Building Data-Driven Web Apps with Flask and SQLAlchemy Transcripts
Chapter: Introducing the Flask framework
Lecture: Building blocks of Flask

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0:00 Before we actually start writing some code let's do a quick high-level flyover of Flask and talk about the building blocks of Flask.
0:08 You're probably itching to write some code, and so am I we're going to do that really, really soon. But I just want to do a quick high-level flyover
0:14 so you know of all the moving parts and you kind of see what's coming and what's going to fit together and how. So let's talk quickly about those.
0:23 First of all, we need to talk about routes. These are URL patterns that are going to match incoming requests. They could be things like
0:29 just forward slash to map over to the main home page they could be /books/7 that'll say show me the book with ID 7, things like that.
0:41 But we're going to set up these patterns and these patterns are going to be defined as routes in Flask and have little placeholders
0:47 where part of the URL could be data, pass to our functions that's going to figure out what to do with it like that 7 in my book example.
0:55 Next the routes are going to figure out which method to run. What part of the code runs for our given URL?
1:02 So we're going to define these things called view methods and this is where we're going to do the main logic of our application
1:08 we're going to process the request maybe talk to the database, call a web service maybe, you know, look at the cookies, who knows.
1:13 But we're going to take the inbound request and do some processing on it and decide what kind of response to send them and things like that.
1:21 Now, Flask and many other frameworks would be what you might call a Model-View-Controller, MVC, framework so in that pattern terminology
1:30 these view methods would be called controllers. Once we have some data, maybe we want to turn it to HTML. Well, we're not going to do that in Python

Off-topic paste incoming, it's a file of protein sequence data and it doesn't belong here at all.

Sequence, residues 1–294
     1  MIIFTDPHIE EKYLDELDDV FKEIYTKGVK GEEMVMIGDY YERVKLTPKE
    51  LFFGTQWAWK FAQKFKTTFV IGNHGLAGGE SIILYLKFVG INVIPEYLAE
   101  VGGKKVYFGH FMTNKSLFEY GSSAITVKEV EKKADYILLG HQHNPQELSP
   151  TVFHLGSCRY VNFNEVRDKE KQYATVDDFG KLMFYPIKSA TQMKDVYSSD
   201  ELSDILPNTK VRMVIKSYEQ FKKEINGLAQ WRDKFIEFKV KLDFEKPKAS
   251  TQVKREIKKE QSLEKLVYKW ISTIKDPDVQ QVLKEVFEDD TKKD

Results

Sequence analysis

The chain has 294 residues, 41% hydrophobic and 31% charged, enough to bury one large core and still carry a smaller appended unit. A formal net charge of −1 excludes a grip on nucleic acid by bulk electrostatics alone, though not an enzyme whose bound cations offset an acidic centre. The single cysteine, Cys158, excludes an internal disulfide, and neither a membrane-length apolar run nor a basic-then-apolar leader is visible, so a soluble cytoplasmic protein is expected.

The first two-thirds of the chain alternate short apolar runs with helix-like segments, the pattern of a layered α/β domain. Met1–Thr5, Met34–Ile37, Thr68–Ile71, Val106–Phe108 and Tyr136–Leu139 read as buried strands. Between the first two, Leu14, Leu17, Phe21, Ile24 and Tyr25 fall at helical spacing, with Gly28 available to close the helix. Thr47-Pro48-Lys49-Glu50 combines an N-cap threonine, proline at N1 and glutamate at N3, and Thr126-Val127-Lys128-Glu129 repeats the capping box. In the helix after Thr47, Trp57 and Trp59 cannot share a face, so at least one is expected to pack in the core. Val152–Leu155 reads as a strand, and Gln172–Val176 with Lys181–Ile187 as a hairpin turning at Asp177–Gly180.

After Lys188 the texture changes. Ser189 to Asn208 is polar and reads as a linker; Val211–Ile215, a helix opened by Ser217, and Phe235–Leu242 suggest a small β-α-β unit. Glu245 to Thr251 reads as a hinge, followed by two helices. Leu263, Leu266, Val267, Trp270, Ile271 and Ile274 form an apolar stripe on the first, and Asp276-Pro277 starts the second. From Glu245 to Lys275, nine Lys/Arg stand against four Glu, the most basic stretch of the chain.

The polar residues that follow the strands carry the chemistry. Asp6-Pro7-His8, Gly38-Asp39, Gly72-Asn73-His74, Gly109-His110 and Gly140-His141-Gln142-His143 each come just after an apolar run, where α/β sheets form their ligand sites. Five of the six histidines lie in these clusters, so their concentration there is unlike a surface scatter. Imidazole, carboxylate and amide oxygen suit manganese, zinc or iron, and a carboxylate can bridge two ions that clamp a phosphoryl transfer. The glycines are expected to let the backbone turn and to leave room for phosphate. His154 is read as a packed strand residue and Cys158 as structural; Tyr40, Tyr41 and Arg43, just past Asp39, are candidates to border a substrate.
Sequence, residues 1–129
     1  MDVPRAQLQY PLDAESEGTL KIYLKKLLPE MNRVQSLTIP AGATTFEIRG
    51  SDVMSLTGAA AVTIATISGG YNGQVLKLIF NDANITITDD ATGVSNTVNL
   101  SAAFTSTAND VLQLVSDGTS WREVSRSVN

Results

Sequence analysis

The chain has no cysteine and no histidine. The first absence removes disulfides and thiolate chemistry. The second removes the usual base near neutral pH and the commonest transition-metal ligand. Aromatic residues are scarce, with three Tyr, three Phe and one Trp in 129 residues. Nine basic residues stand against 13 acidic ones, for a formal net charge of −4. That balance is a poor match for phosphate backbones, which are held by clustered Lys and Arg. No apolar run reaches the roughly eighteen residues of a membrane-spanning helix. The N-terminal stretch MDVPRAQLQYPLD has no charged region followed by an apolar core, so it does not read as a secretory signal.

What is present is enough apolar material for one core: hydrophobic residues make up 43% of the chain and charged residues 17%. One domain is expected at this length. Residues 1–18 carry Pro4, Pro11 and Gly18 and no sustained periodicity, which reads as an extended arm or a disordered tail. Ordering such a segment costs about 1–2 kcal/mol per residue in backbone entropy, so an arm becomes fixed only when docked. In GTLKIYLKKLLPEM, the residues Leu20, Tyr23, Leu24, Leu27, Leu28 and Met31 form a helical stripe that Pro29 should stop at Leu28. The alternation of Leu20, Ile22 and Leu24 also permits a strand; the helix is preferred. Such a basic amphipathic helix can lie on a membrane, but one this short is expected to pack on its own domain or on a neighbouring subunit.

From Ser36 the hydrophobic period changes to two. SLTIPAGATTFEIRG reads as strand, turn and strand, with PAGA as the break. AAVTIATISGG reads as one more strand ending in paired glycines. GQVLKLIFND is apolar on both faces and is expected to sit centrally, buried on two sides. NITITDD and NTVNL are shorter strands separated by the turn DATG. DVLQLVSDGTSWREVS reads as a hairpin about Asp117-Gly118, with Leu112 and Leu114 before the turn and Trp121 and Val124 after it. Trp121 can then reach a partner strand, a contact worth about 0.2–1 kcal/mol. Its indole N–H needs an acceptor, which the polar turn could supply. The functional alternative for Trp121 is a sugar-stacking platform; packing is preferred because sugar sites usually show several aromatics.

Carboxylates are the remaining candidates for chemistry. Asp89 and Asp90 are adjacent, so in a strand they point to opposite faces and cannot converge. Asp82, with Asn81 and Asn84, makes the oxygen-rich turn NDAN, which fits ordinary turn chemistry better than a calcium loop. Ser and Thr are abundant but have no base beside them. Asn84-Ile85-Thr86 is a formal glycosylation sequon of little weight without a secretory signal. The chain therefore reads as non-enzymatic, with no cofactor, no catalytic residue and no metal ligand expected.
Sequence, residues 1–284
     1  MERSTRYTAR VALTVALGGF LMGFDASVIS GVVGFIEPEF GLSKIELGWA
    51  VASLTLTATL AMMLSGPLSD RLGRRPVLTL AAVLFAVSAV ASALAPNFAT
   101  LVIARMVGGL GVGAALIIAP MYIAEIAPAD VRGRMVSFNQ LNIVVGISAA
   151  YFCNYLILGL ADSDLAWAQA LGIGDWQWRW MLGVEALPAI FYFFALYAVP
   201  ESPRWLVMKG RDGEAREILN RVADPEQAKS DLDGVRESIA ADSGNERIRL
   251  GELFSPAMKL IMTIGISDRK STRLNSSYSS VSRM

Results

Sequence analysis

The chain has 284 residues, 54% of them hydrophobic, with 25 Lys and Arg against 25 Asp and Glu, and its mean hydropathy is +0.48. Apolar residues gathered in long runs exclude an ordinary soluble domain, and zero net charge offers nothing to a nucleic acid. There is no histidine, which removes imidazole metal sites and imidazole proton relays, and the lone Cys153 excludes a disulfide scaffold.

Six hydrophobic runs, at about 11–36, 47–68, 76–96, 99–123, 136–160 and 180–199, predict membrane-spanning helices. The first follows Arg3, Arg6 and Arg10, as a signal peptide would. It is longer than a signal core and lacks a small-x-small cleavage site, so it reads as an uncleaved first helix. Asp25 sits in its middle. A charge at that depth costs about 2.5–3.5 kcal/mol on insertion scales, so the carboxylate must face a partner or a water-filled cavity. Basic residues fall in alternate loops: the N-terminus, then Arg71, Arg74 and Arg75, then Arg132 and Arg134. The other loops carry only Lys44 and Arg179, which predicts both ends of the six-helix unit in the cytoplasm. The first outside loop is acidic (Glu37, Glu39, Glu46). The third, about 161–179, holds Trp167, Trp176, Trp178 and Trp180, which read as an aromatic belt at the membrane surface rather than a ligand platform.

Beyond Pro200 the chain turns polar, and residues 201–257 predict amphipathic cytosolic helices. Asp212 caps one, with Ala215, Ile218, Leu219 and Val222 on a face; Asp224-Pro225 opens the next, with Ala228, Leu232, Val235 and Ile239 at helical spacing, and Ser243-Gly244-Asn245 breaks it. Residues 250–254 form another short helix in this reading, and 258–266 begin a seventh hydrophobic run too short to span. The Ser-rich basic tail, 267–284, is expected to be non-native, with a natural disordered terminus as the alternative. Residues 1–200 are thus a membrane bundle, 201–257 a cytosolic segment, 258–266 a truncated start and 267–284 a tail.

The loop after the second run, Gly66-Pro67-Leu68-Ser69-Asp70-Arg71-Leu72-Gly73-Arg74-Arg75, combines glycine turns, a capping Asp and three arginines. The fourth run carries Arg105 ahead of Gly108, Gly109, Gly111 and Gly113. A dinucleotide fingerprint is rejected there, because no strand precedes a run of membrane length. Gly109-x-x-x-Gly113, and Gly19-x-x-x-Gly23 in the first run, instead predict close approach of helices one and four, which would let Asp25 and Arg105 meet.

1:38 that would be a horrible idea. So we want to write mostly HTML files but there's some dynamic nature. Maybe I have a list of books
1:45 and I want to show them to the user. How am I going to generate that list part? Well, there's template languages like Jinja2, Chameleon
1:52 and others that we can pass model data to which will look at that, loop over and generate true HTML that goes to the browser.
2:00 So we're going to work with templates that generate dynamic HTML, and in the MVC world these are views. And finally we have models.
2:07 This is the data passed from the view method over to the template. In Flask, this often looks just like
2:13 keyword arguments to the rendered template function as we'll see in a little bit. We might also pass a dictionary
2:20 when we get to some more advanced patterns further in the course. But the model is sort of all the data that's passed from the view to the template.
2:28 We also have great support for static content. This is really good and important for development it's kind of irrelevant for production.
2:35 In production we would use some other non-Python-backed production-level server like Nginx or something like that
2:44 and that will completely take care of the static content. But, when we get started and we start developing we're going to have static content
2:49 that's part of our world here and Flask has some nice defaults for that. We also have configuration.
2:55 Maybe we want to develop with one set of settings, right maybe using SQLite in some local little test database and then maybe we, in production
3:04 want to use a Postgres server, or something like that. So maybe something like our database connection stream is going to change
3:10 maybe something like how much logging we do is going to change. We also can have a test mode which will make it run in still a different way.
3:19 Maybe we don't have a database at all in test mode we going to mock that out, right? So we have these different configuration settings
3:25 and this can be open-ended and easily extendable. So these are the major building blocks of Flask.

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